In 1987, British millionaire Richard Branson and Per Lindstrand became the first hot-air balloon travelers to cross the Atlantic, parachuting into the sea as their craft went down off the Scottish coast. Richard Branson, right, and Per Lindstrand peer out of the capsule of their Virgin Atlantic Flyer hot air balloon at Carrabassett Valley, Maine, in June 1987. (AP Photo/Pat Wellenbach)
FILE - In this July 3, 1988 file photo, the crew of the USS Vincennes stands at attention to salute the USS Samuel B. Roberts which leaves the Persian Gulf. In 1988, the USS Samuel B. Roberts struck a mine and nearly sank. That sparked a daylong naval battle between Iran and the U.S. in which American forces attacked two Iranian oil rigs and sank or damaged six Iranian vessels. A few months later, the USS Vincennes in the Strait of Hormuz mistook an Iran Air flight heading to Dubai for an attacking fighter jet, shooting down the plane and killing all 290 people onboard. (AP Photo/Greg English, File)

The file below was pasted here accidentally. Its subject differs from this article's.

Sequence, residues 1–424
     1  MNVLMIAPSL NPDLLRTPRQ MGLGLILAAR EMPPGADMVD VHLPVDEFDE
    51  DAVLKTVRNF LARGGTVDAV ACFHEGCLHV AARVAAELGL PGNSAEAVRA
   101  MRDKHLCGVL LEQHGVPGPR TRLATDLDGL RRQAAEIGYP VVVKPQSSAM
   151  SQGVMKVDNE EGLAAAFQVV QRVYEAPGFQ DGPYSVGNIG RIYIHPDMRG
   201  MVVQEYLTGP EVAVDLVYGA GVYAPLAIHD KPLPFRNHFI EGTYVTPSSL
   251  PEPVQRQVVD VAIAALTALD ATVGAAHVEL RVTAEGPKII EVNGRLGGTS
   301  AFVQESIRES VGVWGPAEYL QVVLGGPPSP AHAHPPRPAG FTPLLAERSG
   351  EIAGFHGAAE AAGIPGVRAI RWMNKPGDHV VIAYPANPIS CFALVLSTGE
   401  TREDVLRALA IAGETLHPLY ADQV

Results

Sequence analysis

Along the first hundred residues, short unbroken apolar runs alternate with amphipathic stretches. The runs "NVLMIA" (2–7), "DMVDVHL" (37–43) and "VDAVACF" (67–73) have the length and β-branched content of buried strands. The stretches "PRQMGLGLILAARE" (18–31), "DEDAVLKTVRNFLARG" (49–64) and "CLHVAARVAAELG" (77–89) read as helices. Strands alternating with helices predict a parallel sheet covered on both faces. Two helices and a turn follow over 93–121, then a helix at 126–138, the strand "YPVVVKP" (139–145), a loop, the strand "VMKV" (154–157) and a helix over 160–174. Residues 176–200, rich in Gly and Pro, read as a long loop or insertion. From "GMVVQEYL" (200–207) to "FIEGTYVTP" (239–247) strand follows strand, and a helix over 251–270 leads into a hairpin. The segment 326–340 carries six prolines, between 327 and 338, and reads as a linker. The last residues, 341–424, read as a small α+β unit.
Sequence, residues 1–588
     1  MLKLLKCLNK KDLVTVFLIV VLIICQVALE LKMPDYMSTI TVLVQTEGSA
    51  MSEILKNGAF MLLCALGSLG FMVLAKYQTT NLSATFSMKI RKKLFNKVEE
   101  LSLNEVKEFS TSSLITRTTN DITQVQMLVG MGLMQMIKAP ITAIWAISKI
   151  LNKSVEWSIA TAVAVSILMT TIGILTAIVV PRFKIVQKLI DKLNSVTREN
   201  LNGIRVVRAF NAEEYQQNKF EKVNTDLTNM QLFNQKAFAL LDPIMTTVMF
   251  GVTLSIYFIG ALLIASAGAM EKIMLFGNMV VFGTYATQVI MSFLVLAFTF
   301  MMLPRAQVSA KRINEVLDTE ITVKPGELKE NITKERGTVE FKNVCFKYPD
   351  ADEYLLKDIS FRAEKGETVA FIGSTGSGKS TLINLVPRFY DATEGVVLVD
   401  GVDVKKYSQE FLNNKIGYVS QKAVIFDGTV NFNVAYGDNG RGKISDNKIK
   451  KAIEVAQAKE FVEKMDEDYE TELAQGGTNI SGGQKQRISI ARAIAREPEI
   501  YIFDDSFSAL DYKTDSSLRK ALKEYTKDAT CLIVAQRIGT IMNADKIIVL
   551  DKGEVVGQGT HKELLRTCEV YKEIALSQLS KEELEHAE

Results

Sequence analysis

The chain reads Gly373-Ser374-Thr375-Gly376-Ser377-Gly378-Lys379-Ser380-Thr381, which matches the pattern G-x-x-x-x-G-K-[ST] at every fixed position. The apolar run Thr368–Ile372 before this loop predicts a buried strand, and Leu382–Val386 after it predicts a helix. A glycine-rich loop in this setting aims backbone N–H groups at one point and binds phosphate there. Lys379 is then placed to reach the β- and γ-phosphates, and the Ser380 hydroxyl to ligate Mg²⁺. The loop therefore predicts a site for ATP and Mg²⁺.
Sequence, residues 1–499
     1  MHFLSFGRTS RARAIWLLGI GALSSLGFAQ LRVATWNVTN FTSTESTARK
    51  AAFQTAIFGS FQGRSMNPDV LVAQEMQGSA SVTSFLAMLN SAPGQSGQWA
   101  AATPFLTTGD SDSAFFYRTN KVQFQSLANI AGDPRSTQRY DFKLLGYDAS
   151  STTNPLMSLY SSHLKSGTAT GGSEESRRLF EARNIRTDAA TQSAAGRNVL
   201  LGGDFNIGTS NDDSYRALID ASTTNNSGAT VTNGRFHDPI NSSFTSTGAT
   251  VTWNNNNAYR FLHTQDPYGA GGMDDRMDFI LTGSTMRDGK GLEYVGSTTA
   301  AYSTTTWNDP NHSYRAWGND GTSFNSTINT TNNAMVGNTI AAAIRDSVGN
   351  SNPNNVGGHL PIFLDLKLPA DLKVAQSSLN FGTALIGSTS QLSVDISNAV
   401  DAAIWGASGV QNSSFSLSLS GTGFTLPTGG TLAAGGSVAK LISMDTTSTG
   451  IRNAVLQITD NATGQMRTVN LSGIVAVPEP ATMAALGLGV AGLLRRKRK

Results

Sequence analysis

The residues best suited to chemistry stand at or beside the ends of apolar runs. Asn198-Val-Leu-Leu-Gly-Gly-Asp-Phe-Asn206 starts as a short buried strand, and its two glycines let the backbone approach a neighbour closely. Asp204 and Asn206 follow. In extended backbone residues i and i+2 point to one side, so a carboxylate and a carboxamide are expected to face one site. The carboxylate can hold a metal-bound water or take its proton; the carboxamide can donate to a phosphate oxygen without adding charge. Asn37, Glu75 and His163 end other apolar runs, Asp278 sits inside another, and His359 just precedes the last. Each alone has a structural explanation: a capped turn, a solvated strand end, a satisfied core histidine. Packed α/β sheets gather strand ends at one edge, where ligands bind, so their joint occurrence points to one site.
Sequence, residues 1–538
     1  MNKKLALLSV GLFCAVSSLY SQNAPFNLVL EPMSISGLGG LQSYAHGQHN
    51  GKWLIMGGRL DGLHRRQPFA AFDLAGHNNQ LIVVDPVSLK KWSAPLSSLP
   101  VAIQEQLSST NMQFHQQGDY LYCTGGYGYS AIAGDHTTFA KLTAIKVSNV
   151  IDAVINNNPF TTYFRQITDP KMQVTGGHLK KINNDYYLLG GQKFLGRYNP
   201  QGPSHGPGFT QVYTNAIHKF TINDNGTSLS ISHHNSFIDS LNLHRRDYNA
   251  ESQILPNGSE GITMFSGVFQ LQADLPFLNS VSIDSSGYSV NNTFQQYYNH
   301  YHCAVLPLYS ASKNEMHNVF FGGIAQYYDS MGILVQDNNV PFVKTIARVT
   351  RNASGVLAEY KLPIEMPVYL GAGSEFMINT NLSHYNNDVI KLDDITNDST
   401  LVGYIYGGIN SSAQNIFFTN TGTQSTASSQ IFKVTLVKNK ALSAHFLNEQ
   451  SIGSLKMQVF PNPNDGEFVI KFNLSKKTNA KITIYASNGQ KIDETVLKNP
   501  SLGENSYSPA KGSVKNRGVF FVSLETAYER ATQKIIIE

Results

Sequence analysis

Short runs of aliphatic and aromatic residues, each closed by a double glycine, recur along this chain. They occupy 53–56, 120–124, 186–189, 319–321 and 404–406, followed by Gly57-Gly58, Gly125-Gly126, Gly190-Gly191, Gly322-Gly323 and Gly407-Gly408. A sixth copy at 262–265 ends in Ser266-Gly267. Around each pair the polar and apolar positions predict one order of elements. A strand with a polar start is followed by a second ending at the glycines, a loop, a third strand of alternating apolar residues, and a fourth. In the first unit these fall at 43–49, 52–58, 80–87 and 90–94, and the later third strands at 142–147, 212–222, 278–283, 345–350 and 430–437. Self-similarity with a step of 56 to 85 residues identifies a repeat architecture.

In 1988, the USS Vincennes shot down an Iran Air jetliner over the Persian Gulf, killing all 290 people aboard. In this July 3, 1988 file photo, the crew of the USS Vincennes stands at attention to salute the USS Samuel B. Roberts which leaves the Persian Gulf. In 1988, the USS Samuel B. Roberts struck a mine and nearly sank. That sparked a daylong naval battle between Iran and the U.S. in which American forces attacked two Iranian oil rigs and sank or damaged six Iranian vessels. A few months later, the USS Vincennes in the Strait of Hormuz mistook an Iran Air flight heading to Dubai for an attacking fighter jet, shooting down the plane and killing all 290 people onboard. (AP Photo/Greg English, File) (AP)